Use Patterns

2/26/2006 6:34:15 AM

Use Patterns

The next version of C++0x introduces a new feature called “concepts” to improve template metaprogramming. Concepts are based on “use patterns,” a powerful yet simple technique for compilers writers to enhance a programming language easily without adding new syntax.

concept Mutable_fw<typename Iter, typename T> {
    Var<Iter> p; // a variable of type Iter.
    Var<const T> v; // a variable of type const T.
    Iter q = p; // an Iter must be copy-able 
    bool b = (p != q); // must support ‘‘!=’’ operation,
                       // and the resulting expression
                       // must be convertible to ‘‘bool’’
    ++p; // must support pre-increment, no
         // requirements on the result type
    *p = v; // must be able to dereference p,
            // and assign a ‘‘const T’’ to the
            // result of that dereference; no
            // requirements on the result type
};

A C++ concept indicates what operations must be supported by a type simply by its use within the body of the concept. The body of a concept is syntactically identical to that of a method. The compiler reuses the same rules for parsing methods to parse concepts and automatically infer constraints on types. The compiler defers processing of steps such as type checking until the type deriving from the concept is known. Once the type is known, the compiler confirms the type matches the concept by applying type-specific conversions (both inherited and custom) and method resolution.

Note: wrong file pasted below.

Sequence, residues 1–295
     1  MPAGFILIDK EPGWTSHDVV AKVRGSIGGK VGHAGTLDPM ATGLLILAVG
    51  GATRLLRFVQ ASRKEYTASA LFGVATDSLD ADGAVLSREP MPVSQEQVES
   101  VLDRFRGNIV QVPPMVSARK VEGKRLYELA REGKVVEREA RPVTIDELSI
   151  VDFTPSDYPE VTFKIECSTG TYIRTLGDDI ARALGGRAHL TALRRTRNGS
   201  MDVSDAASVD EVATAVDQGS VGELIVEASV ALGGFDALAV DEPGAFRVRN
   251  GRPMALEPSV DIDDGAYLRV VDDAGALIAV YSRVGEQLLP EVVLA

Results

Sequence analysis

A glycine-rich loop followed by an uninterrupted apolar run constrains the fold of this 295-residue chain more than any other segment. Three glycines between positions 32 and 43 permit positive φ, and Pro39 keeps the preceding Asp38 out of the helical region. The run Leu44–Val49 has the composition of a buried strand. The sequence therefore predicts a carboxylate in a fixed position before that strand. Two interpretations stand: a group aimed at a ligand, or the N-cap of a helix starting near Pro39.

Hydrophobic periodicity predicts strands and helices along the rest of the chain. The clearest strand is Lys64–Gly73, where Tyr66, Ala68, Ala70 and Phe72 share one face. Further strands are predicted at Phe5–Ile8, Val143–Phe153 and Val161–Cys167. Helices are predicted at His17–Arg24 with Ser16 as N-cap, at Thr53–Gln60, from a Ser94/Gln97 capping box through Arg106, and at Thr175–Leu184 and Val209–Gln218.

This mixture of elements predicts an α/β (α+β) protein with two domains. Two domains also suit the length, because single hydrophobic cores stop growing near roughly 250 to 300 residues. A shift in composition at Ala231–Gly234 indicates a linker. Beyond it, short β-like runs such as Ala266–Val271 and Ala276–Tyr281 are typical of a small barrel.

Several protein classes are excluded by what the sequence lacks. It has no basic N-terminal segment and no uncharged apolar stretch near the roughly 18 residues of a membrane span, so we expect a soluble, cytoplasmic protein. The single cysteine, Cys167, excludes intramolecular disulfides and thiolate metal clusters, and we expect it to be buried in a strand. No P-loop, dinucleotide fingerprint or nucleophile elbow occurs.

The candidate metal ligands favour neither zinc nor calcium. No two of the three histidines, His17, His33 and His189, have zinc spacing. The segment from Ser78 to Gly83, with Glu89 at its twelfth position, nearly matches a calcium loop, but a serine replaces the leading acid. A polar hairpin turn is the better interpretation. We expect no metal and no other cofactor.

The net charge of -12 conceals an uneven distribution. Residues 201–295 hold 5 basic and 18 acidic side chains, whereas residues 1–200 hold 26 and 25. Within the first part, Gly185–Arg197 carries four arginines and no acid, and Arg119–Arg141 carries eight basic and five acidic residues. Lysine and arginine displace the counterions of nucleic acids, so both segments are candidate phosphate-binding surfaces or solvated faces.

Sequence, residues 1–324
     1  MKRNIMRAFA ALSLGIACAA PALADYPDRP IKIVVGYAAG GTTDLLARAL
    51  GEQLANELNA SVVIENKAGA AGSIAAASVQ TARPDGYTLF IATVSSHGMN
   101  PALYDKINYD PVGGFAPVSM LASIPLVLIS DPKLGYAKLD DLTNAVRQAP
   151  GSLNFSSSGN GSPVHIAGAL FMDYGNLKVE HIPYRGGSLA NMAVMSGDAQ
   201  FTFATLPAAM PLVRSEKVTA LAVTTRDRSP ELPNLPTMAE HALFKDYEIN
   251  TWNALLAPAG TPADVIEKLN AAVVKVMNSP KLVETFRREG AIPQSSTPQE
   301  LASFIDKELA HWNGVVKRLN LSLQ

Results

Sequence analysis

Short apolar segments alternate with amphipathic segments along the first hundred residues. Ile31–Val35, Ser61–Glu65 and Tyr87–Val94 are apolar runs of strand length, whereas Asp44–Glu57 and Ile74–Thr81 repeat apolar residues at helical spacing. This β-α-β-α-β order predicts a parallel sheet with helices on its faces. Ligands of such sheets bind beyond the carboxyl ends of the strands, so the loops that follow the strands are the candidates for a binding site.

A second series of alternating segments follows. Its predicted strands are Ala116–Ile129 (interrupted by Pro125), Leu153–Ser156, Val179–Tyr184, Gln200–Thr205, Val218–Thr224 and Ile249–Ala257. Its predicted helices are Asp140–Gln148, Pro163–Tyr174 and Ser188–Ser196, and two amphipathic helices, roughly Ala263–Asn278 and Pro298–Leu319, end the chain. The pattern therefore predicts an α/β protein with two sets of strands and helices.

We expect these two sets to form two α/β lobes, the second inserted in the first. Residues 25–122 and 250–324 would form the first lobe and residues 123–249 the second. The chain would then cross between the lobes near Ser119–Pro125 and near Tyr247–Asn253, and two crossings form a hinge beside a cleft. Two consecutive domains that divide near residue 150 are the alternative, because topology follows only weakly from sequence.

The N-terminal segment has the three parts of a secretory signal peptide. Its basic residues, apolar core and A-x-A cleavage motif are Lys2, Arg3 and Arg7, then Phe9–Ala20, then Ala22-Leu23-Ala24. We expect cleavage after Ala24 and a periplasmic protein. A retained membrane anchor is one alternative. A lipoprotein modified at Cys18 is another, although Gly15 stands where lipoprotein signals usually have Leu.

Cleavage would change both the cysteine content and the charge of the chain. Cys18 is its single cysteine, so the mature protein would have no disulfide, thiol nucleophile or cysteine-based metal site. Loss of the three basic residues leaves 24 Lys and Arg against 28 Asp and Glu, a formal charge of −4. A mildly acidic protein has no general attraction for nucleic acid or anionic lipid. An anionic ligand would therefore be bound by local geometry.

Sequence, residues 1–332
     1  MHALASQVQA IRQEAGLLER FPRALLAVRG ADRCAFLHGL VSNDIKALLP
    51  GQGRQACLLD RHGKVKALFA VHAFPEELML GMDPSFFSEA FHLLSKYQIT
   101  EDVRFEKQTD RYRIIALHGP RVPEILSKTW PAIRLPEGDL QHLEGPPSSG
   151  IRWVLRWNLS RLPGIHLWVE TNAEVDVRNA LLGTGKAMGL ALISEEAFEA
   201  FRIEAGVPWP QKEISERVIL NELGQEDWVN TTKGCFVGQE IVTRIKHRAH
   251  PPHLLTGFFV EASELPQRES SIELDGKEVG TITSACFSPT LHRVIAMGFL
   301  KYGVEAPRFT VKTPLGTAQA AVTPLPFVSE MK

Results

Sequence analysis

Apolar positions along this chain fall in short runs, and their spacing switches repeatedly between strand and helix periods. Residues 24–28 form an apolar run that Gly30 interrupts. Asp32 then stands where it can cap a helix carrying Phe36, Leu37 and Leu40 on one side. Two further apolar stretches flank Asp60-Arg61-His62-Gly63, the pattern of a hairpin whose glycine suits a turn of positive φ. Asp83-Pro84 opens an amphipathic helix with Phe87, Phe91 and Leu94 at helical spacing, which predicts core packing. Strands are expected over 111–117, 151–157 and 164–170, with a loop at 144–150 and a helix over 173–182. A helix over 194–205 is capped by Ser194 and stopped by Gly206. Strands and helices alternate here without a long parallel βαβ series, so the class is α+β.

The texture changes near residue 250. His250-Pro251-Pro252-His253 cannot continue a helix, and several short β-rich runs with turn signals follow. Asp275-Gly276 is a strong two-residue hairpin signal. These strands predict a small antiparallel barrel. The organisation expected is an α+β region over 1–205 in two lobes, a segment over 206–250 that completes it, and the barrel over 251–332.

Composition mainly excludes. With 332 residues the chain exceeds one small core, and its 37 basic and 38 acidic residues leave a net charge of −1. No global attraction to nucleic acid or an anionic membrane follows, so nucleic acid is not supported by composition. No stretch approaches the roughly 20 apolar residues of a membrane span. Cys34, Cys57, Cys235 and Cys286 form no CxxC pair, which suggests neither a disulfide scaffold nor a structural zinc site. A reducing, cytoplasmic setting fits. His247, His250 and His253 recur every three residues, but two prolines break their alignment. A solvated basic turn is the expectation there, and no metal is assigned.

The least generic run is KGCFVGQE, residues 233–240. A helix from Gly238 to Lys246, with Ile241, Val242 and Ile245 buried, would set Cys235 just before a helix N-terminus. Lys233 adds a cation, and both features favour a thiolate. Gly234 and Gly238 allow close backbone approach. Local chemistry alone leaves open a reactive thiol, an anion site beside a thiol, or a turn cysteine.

The alternative of constructing explicit signatures leads to combinatorial explosion in the possible ways a compiler can match an expression. The C++ paper refers specifically to the various ways in which the plus operator can be invoked by a compiler.

+ // built-in operation for X
X operator+(X,X);
X operator+(const X&, const X&);
X X::operator+(const X&) const;
X X::operator+(X);
const X& X::operator+(const X&);
const N& operator+(const& N, const N&); // X converts to N
X operator+(X, N); // N converts to X

“Use patterns” reduces the complexity of compiler writing, but also benefits language consumers by providing a compact, natural and direct syntax with no new syntax or learning involved.

I have been relying on the technique of “use patterns” in my AI and natural language work, including my rules language in NStatic.

Indeed, it’s a common technique used in symbolic programming, which templates somewhat resembles because of the way functions contained within templates are invoked by name. Unification and pattern matching in Prolog(and other languages are fundamentally based on the notions of “use patterns.”

In my natural language work, the definitions of new words are automatically inferred from usage in a few different ways.

  1. From context. The meaning is automatically inferred from its use within a sentence by analyzing the semantic dependency graph generated from a parse of the sentence.
  2. From natural-language definition. Alternatively, a person (usually a template designer) can define a word using a plain, simple natural-language definition of the word, and the relationships and properties of the word are automatically inferred from the possible usage of the definition itself.

“Use patterns” in natural language programming means that the user never needs to know a special syntax, just English.

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Net Undocumented is a blog about the internals of .NET including Xamarin implementations. Other topics include managed and web languages (C#, C++, Javascript), computer science theory, software engineering and software entrepreneurship.

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